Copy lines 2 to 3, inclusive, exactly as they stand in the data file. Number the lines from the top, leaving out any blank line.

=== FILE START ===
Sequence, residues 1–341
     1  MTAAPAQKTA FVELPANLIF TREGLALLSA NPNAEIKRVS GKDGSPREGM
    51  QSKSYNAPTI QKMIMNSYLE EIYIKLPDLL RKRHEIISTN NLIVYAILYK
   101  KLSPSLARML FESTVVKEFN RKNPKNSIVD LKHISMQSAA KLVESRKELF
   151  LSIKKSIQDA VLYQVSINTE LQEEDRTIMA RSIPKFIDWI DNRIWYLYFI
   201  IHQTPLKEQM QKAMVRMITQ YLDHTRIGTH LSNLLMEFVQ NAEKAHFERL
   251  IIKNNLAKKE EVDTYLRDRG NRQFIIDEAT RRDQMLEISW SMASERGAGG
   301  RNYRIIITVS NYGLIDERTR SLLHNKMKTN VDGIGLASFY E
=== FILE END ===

     1  MTAAPAQKTA FVELPANLIF TREGLALLSA NPNAEIKRVS GKDGSPREGM
    51  QSKSYNAPTI QKMIMNSYLE EIYIKLPDLL RKRHEIISTN NLIVYAILYK